The WNBA star was arrested at a Moscow airport in February with vaping cans of cannabis oil in her luggage.
A Russian court found the American basketball star Brittney Griner drug smuggling, and was sentenced to nine years in prison in a case that reached the highest level of US-Russian diplomatic relations.
The court “declared the defendant guilty” of smuggling and possession of “a large amount of narcotics,” judge Anna Sotnikova told a court in the town of Khimki, on the outskirts of Moscow.
The court also fined her one million rubles ($16,300).
US President Joe Biden was quick to condemn the ruling, calling it “unacceptable” and extending calls for the player’s release.
“My administration will continue to work tirelessly and pursue every avenue possible to get Brittney and Paul Whelan home safely as soon as possible,” he said, referring to another American being detained. in Russia for espionage.
Sotnikova said on Thursday that Griner committed the crime “intentionally”. She testified in the trial that it was a mistake.
Griner, a two-time Olympic gold medalist and star of the Women’s National Basketball Association (WNBA), was arrested at Moscow’s Sheremetyevo airport on February 17 when she entered the country with the vape cartridges containing cannabis oil.
She called it an “honest mistake” speaking in the courtroom on Thursday before sentencing.
“I never intended to hurt anyone, I never intended to endanger the Russian people, I never intended to violate Russian law,” Griner said through a translator. while standing in a metal cage reserved for defendants in a Russian courtroom.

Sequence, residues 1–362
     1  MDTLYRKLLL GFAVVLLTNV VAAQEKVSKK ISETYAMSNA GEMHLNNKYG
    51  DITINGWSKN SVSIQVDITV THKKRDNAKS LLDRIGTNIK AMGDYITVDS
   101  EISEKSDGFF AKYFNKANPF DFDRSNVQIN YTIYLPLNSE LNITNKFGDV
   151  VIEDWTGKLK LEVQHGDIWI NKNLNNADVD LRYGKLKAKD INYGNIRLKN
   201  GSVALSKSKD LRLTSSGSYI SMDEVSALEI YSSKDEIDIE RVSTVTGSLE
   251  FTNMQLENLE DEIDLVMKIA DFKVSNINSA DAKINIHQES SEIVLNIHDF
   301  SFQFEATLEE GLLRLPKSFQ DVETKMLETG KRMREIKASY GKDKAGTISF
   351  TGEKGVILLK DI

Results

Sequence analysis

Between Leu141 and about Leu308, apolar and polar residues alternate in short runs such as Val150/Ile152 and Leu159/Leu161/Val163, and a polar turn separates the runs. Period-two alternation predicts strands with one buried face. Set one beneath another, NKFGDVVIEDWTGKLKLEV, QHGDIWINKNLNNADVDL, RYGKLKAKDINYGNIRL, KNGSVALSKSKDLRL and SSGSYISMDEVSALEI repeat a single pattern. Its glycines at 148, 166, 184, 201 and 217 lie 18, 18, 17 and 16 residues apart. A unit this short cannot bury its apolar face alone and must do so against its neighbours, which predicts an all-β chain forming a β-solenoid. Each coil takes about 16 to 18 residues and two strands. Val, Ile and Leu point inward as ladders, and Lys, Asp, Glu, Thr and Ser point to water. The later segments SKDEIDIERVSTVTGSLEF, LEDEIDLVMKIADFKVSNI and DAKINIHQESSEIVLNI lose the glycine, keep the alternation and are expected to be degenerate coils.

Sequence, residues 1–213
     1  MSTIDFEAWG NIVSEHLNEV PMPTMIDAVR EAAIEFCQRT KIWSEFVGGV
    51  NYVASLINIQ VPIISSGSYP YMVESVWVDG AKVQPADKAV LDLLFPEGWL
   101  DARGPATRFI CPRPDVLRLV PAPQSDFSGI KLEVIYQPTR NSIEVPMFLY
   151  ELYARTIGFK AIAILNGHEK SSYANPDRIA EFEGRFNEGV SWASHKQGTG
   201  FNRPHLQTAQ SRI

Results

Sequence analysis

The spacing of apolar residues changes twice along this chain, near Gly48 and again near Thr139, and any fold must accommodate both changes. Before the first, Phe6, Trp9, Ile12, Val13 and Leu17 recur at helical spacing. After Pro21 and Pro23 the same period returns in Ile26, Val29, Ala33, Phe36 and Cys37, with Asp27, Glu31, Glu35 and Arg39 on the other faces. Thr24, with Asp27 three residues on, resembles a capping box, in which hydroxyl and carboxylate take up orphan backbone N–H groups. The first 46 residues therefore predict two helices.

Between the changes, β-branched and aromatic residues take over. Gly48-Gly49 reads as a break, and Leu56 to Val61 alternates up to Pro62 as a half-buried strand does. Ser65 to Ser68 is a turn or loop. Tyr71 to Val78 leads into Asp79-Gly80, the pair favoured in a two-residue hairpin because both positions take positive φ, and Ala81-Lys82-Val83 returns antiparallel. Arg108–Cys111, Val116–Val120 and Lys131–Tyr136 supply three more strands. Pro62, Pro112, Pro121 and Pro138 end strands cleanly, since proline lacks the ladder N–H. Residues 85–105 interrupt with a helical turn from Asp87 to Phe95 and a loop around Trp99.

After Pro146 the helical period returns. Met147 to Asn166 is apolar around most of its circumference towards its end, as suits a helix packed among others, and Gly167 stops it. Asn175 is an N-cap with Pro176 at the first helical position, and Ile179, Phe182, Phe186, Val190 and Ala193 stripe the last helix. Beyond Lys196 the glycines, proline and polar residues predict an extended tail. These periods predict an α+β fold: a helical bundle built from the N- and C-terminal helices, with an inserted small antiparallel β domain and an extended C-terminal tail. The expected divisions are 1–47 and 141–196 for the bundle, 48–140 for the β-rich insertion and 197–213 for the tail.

She apologized to her family, teammates and life partner.
She had pleaded guilty when her trial began in July, and said she did not knowingly bring the boxes into Russia.
Marijuana is illegal in Russia for both medicinal and recreational purposes.
Attention will now turn to the high possibility of a prisoner swap.
In July, the US State Department designated Griner as “wrongfully detained”, moving her case under the supervision of the presidential special envoy for hostage affairs, who led the negotiations. about government hostages.
Then, last week, in an unusual move, US Secretary of State Antony Blinken spoke to his Russian counterpart, Sergey Lavrov, urging him to accept a deal whereby Griner and Whelan would be set free.
Lavrov-Blinken’s phone call marked the highest-level contact known between Washington and Moscow since Russia launched a full-scale invasion of Ukraine more than five months ago. Reaching out directly to Griner contrasts with US efforts to isolate the Kremlin.
“I know people are always talking about politics and politics, but I hope that’s far from this courtroom,” Griner said Thursday before the judge’s ruling.
Griner, 31, flew to Russia to join her team, UMMC Ekaterinburg, in the knockout stages after their time at home in the US. She played in the Russian Women’s Premier League during the WNBA break.
In her testimony last week, Griner expressed confusion over how the vape boxes ended up in her luggage.
She told the court on July 27. “I still don’t understand how they got into my pocket to this day,” If I had to guess how they got into my pocket, I’m must be packed urgently”.
Than to follow.